Negative Feelings, Preaching, Līlā

Question: I am bombarded by negative feelings (precisely dveṣa) when I have to deal with my extended relatives who are not on the path of bhakti. But when I deal with my work colleagues who are not Indian by birth, I am ok with them. I believe this difference is due to my expectations. How can I develop sama-dṛṣṭi towards everyone? How can I be free of these feelings at my kaniṣṭha stage of bhakti? 

Answer: Just remember a few things:

  1. Everyone in the material world is conditioned. You may think they have freedom to act but in reality, they are being impelled by material nature. 
  2. People are ignorant.
  3. To have expectations that they will change is a sure way to be unhappy.
  4. You cannot change anyone except yourself.
  5. It is your responsibility to change yourself.
  6. It is not your responsibility to change others. 
  7. If you have changed yourself, you may be able to change others. 
  8. Take care of your responsibility, and don’t waste time on the impossible task of changing others.
  9. Do not have unrealistic expectations of others. 



Question: I have learnt that distributing knowledge and preaching is a very important aspect of spiritual life. Is it necessary to preach in order to advance? Should I become a preacher?

Answer: First of all, it should be understood very clearly that the goal of spiritual life is not preaching or distributing knowledge. The goal is to become a devotee. Preaching is a side effect of that. But in any case, the first step is to learn śāstra properly from a qualified teacher. That is necessary to attain perfection and that is also necessary if one wants to preach and distribute knowledge. You cannot give knowledge if you don’t have it.

Therefore, my simple advice to you is to first understand śāstra properly, and to then decide whether you want to be a preacher.



Question: Jaya and Vijaya in the form of Śiśupāla and Dantavakra got liberation and went to Vaikuṇṭha. How did they come back as Jagāi and Madhāi in Mahāprabhu’s līlā?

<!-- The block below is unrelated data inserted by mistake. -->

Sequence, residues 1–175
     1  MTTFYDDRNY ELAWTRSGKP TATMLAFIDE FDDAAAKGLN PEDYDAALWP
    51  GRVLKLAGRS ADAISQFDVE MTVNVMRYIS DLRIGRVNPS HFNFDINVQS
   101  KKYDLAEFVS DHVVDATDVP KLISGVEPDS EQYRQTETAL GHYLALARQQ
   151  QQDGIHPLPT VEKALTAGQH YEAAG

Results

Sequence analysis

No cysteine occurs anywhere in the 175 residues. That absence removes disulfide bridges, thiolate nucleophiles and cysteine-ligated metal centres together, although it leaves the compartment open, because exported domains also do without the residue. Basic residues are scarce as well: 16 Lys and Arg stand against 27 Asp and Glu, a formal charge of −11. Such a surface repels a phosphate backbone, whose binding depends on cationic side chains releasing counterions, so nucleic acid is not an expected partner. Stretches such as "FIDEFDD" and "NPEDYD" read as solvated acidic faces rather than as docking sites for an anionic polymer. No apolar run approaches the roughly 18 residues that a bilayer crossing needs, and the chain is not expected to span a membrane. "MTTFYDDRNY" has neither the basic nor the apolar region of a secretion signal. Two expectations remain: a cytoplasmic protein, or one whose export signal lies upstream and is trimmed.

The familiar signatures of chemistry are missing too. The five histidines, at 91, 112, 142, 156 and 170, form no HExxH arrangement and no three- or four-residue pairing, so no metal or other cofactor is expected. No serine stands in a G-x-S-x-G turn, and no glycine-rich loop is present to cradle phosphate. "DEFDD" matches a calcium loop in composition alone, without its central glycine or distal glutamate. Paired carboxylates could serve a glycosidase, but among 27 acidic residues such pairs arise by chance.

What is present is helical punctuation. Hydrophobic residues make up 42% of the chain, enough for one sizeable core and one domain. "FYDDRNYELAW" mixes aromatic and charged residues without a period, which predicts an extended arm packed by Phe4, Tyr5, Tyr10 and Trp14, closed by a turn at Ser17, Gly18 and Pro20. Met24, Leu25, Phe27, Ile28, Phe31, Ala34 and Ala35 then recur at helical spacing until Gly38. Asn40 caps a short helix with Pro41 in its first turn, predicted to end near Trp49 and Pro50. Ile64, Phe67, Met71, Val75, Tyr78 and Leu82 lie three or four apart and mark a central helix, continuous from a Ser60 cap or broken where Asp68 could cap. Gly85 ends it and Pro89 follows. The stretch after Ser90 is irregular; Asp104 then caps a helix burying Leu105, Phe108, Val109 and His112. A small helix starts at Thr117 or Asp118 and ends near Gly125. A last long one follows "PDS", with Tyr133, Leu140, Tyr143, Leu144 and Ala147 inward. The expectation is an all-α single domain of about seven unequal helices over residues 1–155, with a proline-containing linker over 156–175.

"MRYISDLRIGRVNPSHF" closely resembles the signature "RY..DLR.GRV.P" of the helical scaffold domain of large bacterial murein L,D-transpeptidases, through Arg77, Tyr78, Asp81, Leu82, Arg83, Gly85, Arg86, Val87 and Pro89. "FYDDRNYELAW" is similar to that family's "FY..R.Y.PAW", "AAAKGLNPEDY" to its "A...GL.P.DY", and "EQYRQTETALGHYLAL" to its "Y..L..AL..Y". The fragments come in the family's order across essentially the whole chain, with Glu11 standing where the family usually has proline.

Answer: If you understand the meaning of the word līlā, you will be able to answer your own question. Līlā means play, therefore, they enacted the role of sinful people so that Mahāprabhu could manifest His grace on them.




2 thoughts on “Negative Feelings, Preaching, Līlā”

  1. On the point of preaching, I remember distributing knowledge to people as a member of a modern sect of Vaishnavism. Once someone asked me what they have to do to become a practitioner of this knowledge? In my perhaps lack of expertise in preaching but otherwise honest response of what I understood to be an important part of the process, I told this person that they have to read the books and similarly distribute them as I was doing if they became convinced of their teaching. I could see from the person’s facial expression that the thought of being a preacher was not to their liking. Being somewhat uncomfortable with distributing this knowledge to random people, I reflected on my original intention in joining this sect: to receive spiritual education, but soon after becoming a member it became clear that along with this education one was expected to be a preacher. So, there I was in a busy shopping mall distributing knowledge that I hardly any real understanding of.

  2. I think ‘preaching’ can take on a type of evangelical approach of wanting to change others although such people are not looking for change. One may believe that the testament of ones path as divine is in the ability to distribute knowledge to the faithless, or those of other faiths other than bhakti. Moreover, that preaching is already on the highest level of acts to be performed by a bhakta. However, the evangelical mood may hover and cross over into what Sri Krishna cautions to Arjuna in the 18th chapter of the Gita, verse 67, “This confidential knowledge should never be revealed by you to a person who is not prepared to undergo spiritual discipline, or to one devoid of devotion, or to one who is not whole-heartedly inquisitive, or to one who is envious of Me.” So, what may have been a good intention may actually become a hinderance to ones own devotional development.

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